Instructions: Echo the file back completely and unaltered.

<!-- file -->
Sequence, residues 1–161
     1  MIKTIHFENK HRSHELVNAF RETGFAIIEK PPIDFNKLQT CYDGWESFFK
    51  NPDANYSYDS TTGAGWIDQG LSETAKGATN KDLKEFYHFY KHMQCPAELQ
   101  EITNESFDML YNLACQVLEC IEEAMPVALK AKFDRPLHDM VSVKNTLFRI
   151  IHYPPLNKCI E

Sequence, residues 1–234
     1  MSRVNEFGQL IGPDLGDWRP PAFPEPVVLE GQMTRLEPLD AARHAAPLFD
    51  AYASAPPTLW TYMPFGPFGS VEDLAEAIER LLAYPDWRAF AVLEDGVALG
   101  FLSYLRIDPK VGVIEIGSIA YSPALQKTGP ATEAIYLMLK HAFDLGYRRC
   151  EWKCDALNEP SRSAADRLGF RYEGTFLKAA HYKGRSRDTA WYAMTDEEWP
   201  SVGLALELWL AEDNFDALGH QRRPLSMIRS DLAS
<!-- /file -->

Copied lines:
Sequence, residues 1–161
     1  MIKTIHFENK HRSHELVNAF RETGFAIIEK PPIDFNKLQT CYDGWESFFK
    51  NPDANYSYDS TTGAGWIDQG LSETAKGATN KDLKEFYHFY KHMQCPAELQ
   101  EITNESFDML YNLACQVLEC IEEAMPVALK AKFDRPLHDM VSVKNTLFRI
   151  IHYPPLNKCI E

Sequence, residues 1–234
     1  MSRVNEFGQL IGPDLGDWRP PAFPEPVVLE GQMTRLEPLD AARHAAPLFD
    51  AYASAPPTLW TYMPFGPFGS VEDLAEAIER LLAYPDWRAF AVLEDGVALG
   101  FLSYLRIDPK VGVIEIGSIA YSPALQKTGP ATEAIYLMLK HAFDLGYRRC
   151  EWKCDALNEP SRSAADRLGF RYEGTFLKAA HYKGRSRDTA WYAMTDEEWP
   201  SVGLALELWL AEDNFDALGH QRRPLSMIRS DLAS